By Graig Mihok
The ecosystem of a river can be very complex. When a river is polluted the delicate balance of its ecosystem is thrown into disorder. The oxygen in water is often affected by pollution and this can be a large problem for the animals that help regulate the habitat.
Sewage and fertilizers often contain nutrients like nitrates and phosphates that can over stimulate the growth of algae and plants. This growth can clog waterways, block light in deeper waters, and consume dissolved oxygen as it decomposes. This can affect the respiratory ability of fish and other animals that live in the polluted waters.
Organic pollution can also have the same effect. Runoff from livestock, leaves, and grass clippings causes the natural bacteria and protozoans to break down these materials, and in turn begin to use the oxygen dissolved in the water. If the oxygen gets too low, many fish and organisms cannot survive, particularly when levels of dissolved oxygen drop below two to five parts per million. Once the level of pollution is high enough to cause this much of a disruption, organisms die at a rate that begins to affect the food chain.
Pathogens from sewage, septic tanks, farm runoff, and storm drains are another form of pollution that can wreck havoc on a river's ecosystem. Despite the fact that they are microscopic, the danger of disrupting an ecosystem through bacteria, viruses, and protozoans is still very real.
One of the most familiar forms of pollution is petroleum. Oil from spills can cause catastrophic damage to a body of water. The Exxon Valdez spill along the coast of Alaska and the more recent BP spill in the Gulf Mexico should be sufficient in showing the effects of oil in a water body. While rivers mostly only see the petroleum from boats or cars or nearby manufacturing plants, rivers also tend connect to larger bodies of water. A study about the transportation of oil from supertankers and off shore drilling found that for every million tons of oil that is transported roughly one ton is spilled.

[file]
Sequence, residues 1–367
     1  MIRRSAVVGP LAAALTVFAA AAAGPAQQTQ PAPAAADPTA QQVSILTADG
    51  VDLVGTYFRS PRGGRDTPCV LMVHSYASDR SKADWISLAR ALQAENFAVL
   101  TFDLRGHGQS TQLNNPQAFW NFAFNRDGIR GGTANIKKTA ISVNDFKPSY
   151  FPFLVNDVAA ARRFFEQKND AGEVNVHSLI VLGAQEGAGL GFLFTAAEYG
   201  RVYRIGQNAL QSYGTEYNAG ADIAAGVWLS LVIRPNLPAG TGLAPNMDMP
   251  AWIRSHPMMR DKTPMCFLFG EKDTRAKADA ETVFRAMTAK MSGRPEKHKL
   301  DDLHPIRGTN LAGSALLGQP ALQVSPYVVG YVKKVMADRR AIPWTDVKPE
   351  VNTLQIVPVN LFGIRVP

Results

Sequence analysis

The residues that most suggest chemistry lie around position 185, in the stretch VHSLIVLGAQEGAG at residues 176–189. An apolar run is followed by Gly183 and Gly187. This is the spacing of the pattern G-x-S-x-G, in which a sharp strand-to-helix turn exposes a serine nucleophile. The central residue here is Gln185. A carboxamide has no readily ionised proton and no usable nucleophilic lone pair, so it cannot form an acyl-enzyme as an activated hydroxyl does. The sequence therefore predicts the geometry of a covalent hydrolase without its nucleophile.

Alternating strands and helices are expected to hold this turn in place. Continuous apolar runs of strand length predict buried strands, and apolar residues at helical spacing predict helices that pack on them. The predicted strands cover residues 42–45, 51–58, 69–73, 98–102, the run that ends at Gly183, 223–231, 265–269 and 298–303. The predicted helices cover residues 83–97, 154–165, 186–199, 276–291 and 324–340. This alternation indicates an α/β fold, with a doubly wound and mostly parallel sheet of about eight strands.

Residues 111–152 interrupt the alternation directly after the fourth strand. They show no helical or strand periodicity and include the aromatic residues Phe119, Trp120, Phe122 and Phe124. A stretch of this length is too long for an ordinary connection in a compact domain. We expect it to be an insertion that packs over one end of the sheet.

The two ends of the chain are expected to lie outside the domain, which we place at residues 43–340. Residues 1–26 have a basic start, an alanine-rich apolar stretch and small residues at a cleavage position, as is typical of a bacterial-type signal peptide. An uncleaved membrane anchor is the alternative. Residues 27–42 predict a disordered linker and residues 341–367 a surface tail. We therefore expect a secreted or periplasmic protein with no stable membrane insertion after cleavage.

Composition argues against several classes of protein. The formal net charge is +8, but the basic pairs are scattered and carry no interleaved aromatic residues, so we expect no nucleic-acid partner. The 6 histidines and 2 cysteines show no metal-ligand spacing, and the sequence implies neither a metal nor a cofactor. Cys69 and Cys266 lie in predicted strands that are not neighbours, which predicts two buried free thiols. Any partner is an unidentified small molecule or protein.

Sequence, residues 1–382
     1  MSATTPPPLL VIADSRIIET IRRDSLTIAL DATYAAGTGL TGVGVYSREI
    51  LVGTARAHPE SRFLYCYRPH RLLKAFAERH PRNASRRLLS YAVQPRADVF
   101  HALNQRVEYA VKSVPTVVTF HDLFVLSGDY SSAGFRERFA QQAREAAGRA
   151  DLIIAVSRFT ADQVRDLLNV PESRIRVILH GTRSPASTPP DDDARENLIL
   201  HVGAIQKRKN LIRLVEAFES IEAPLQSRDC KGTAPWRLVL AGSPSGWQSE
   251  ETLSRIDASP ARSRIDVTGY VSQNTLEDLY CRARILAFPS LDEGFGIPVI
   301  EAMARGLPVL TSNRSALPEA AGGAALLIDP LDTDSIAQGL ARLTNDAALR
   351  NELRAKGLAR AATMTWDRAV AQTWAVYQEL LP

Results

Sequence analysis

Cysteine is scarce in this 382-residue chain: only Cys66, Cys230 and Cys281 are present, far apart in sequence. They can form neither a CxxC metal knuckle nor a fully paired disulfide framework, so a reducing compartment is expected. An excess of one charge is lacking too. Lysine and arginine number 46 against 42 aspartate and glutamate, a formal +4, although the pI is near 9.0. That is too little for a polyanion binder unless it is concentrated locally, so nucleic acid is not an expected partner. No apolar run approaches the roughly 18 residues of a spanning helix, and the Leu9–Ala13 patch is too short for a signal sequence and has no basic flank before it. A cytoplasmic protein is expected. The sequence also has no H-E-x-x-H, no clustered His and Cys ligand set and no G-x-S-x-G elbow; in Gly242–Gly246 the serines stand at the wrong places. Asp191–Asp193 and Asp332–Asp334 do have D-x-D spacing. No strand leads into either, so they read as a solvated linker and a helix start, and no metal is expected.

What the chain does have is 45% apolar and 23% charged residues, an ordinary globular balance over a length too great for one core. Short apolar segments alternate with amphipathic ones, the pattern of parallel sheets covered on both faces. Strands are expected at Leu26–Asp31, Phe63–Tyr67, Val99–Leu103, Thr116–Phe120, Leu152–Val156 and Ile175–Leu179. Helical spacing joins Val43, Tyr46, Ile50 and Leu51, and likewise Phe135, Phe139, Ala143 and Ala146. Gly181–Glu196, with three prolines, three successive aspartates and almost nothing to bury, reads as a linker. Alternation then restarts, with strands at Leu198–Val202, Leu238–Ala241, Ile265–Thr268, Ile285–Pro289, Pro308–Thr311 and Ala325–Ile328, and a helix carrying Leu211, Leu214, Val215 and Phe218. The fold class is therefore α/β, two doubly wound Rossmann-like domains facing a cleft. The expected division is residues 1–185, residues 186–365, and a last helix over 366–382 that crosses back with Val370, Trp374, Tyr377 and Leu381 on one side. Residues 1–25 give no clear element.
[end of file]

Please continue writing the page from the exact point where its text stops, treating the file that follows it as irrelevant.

Heat is an often less considered form of pollution that seems to stay under the radar in terms of clean up priority. Power plants and factories often use natural bodies of water for cooling, in turn changing the temperature of the water enough to kill organisms and change the ecosystem.
Many of the actions that cause these forms of pollution can be altered to significantly lower the amount of pollution that directly affects rivers and other water bodies. The largest obstacle for clean up is convincing major polluters like industrial factories that the methods they use to obtain their capital are hazardous to the environment. As humans we are part of the environment, thus it would be in every living thing's best interest to find safer, less hazardous ways to run their operations.